Endless runner games like Super Mario Run and Crossy Road fit amazingly well into the five to 10 minutes of time killing that we get throughout the day. Sure, you could listen to music, watch a video,more
Endless runner games like Super Mario Run and Crossy Road fit amazingly well into the five to 10 minutes of time killing that we get throughout the day. Sure, you could listen to music, watch a video, check the news, text your peeps, or take a selfie -- but your phone and tablet can do much heavier lifting than that. However, the Apple App Store doesn't have a category just for this subgenre, so spotting the winners can be time-consuming and tedious. Luckily, we're here to save the day with the best runners like Subway Surfers that we can find, with a minimum of ads and in-app transactions.
While Subway Surfers does an over-the-shoulder camera in a 3D world, Alto's Adventure is a 2D side-scroller, but what it lacks in fancy tech it makes up for in minimalist polish -- and a softer sell on in-app transactions. In this game, you play a downhill skier who must collect llamas that have escaped from their pens. As you make your way down this endless snowy mountain, you'll need to dodge boulders, jump across gaps, grind some rails, and collect coins. If you can avoid obstacles for long enough, you'll pick up some serious speed, which helps with jumps and point scoring but also gives you less reaction time.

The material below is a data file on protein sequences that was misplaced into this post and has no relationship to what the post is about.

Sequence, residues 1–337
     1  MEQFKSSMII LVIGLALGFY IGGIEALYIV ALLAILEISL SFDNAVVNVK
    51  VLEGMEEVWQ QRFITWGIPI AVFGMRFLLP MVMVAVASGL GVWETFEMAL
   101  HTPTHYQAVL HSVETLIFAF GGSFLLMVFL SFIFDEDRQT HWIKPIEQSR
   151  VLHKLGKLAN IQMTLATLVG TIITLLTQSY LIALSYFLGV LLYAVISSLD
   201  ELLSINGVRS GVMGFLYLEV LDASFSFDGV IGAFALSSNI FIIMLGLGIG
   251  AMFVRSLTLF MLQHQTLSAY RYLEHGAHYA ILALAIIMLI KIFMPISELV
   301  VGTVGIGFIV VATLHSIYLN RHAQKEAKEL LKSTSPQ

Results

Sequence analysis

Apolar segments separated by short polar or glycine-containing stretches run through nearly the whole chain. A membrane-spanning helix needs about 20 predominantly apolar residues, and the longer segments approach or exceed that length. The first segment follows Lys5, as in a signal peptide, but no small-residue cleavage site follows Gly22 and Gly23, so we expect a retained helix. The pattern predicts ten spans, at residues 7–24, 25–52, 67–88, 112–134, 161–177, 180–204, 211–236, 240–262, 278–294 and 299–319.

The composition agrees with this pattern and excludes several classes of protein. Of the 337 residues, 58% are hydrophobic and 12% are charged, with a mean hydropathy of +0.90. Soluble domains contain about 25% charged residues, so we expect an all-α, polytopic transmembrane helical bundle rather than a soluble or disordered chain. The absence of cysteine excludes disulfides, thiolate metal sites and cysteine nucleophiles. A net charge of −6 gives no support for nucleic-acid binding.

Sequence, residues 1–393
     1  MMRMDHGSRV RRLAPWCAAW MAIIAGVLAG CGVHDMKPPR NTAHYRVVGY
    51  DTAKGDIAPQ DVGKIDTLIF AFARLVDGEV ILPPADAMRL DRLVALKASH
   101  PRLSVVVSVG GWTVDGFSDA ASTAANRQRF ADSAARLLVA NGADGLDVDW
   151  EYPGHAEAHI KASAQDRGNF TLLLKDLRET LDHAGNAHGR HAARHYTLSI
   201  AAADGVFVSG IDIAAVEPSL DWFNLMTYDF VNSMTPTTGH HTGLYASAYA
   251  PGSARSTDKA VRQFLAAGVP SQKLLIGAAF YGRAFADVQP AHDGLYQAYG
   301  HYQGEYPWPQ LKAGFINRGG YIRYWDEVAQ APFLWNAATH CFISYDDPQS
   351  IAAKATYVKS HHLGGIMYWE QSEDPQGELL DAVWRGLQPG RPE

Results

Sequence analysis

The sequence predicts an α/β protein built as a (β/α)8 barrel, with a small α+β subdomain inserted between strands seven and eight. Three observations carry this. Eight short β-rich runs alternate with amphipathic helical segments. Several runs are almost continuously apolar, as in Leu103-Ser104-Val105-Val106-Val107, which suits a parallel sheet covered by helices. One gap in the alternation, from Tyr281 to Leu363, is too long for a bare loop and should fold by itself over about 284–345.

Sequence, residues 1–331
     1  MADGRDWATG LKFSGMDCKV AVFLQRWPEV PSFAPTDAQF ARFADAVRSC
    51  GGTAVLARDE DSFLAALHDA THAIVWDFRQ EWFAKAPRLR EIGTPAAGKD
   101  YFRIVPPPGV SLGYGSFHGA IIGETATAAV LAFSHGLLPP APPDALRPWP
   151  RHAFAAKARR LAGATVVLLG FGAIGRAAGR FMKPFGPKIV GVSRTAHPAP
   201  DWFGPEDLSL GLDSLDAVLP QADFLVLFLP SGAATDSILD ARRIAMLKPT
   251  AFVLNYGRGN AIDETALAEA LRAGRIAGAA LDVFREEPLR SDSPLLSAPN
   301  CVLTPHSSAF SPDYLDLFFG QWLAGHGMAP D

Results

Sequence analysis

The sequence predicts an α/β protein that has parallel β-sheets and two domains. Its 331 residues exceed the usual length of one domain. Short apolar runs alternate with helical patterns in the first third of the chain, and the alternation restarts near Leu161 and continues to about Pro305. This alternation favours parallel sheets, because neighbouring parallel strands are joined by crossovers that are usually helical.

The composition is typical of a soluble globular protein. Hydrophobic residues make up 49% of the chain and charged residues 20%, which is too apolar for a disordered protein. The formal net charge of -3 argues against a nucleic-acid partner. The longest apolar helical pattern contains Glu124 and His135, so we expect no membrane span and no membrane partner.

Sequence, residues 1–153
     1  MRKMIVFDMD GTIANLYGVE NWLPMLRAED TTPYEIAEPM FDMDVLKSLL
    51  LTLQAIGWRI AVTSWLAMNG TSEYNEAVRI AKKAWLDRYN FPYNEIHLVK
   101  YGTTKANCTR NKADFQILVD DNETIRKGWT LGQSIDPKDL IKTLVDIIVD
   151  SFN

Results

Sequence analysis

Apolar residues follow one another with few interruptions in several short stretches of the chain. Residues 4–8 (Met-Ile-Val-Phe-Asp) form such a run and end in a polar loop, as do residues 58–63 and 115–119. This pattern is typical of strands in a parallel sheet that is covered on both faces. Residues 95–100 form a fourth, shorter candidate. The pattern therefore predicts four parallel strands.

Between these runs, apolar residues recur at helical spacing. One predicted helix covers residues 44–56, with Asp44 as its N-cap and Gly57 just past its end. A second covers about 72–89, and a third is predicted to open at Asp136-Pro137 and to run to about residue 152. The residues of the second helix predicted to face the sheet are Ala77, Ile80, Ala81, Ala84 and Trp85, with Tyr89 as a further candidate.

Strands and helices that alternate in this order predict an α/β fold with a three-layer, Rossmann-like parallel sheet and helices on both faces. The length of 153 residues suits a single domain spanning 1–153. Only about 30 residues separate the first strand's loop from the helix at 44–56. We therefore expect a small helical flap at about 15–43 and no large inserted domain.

The game is free to play with optional ads, which you can remove permanently for $4.99, which also gives you a sizeable amount of in-game currency. You cannot buy the currency by itself, but you can pay $3.99 for a permanent in-game item that earns you a total of two coins for each coin that you collect. The coins can be used to buy upgrades that improve your jumps or double the number of coins you collect.
It's impossible to play Crossy Road without being reminded of Frogger, but the former stands on its own, thanks to some charming pixel art, immersive sound effects, and a gentle handling of in-app transactions. You'll start out with a chicken who squawks comically with every step, and there's a staggering number of other creatures to unlock, all of whom have their own set of sound effects and animations, and some of whom change the look of the level.
They're unlocked in a variety of ways; primarily, you'll earn coins by collecting them in-game, and 100 coins buys you a loot box that usually contains a new creature but sometimes has more coins. You'll periodically get offered a free loot box if you agree to watch a short video ad (30 seconds or less). These free boxes can contain "T" coins, which can be used to unlock a special set of characters. There are also daily challenges that can give you temporary access to creatures you don't have yet, which helps to keep things fresh. If you don't want to collect coins to unlock characters, you can buy a lot of them for 99 cents each. The game itself is free to play, so you have little to lose by downloading it and checking it out for yourself.